East Timor’s government-in-exile returned home victorious when the Indonesian occupation ended. Exiled politicians and diplomats from the Baltic states came home happily too.

    The danger is to wind up too soon. Ukraine’s "migr" leaders declared victory rather promptly in 1991. The Belarusians, wisely in retrospect, decided to wait and see. The BNR now presents a poignant symbolic challenge to the regime at home, and is a focus of unity for the opposition.

    Slowly, real-world politicians are beginning to take it more seriously. The BNR’s president, a personable Canadian artist named Ivonka Survilla, is in Strasbourg this week to be formally received at the European Parliament, along with a bevy of Belarusians from both the diaspora and the domestic opposition. The BNR, normally secretive for fear of endangering its members in the homeland, has issued a public statement urging the outside world not to forget the Belarusian cause, and to protect those inside the country who want to celebrate the anniversary.

    Politics seems to be thawing a bit inside Belarus too. The regime has responded to feelers put out by European countries, including Poland, and has released almost all political prisoners. Only one remains: Alyaksandr Kazulin, an outspoken figure who seems to have attracted Mr Lukashenka’s personal ire. American sanctions on a big Belarusian company, Belneftekhim, seem to have bitten hard too. The tempestuous Mr Lukashenka abruptly expelled the American ambassador last week.

    Mr Lukashenka has flirted with the West before and it would be too early to declare a change of heart. But whether because of the country’s economic plight (Russia is driving a much harder bargain on gas) or for some other reason, some rusty wheels are in motion. The BNR’s loyal supporters hope that theirs may turn too.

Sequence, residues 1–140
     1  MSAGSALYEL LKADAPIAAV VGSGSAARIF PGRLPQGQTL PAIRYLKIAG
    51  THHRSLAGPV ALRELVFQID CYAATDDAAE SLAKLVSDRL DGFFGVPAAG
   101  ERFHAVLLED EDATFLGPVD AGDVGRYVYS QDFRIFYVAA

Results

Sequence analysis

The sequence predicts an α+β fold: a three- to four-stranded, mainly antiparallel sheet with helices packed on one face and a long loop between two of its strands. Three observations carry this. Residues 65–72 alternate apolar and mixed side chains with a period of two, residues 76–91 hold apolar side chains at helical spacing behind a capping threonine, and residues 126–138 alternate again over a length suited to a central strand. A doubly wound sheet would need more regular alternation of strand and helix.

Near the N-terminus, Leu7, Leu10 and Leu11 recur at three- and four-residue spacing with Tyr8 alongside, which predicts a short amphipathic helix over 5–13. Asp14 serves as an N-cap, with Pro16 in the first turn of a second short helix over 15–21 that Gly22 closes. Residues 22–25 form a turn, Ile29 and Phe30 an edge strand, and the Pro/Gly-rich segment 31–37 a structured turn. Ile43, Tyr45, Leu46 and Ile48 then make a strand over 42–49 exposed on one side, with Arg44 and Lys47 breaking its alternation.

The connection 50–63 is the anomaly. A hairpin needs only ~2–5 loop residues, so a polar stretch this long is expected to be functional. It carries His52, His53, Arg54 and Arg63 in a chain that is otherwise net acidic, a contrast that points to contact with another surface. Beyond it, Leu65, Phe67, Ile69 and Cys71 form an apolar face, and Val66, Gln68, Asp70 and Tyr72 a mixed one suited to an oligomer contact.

A Thaw in Belarus?

    From: RobertAmsterdam
    There's an interesting piece in the Economist (see above blog) about the recent thaw in relations between Belarus and the West, and a possible political opening driven by Gazprom's increasing reluctance to subsidize the Lukashenko regime with cheap natural gas - however "Europe's last dictator" remains hung up on one political prisoner and sanctions against the state's oil monopoly:

    Politics seems to be thawing a bit inside Belarus too. The regime has responded to feelers put out by European countries, including Poland, and has released almost all political prisoners. Only one remains: Alyaksandr Kazulin, an outspoken figure who seems to have attracted Mr Lukashenka’s personal ire. American sanctions on a big Belarusian company, Belneftekhim, seem to have bitten hard too. The tempestuous Mr Lukashenka abruptly expelled the American ambassador last week.
    Mr Lukashenka has flirted with the West before and it would be too early to declare a change of heart. But whether because of the country’s economic plight (Russia is driving a much harder bargain on gas) or for some other reason, some rusty wheels are in motion. The BNR’s loyal supporters hope that theirs may turn too.

    Don't give up on BELARUS!

    From: Rundudundu
    28 September 2008 is a date for the elections in Belarus. The last dictatorship in Europe will have its moment of fragility and yet again there are hopes for change. Can it change and what to expect...

    One of the political groups in the European Parliament has organised a Belarus week. An occasion to meet with opposition leaders and discuss their impressions of the current situation and plans for the future. Few points to give one an idea of the situation:
    - 61% of the Belorussian population believe that elections are held in a democratic fashion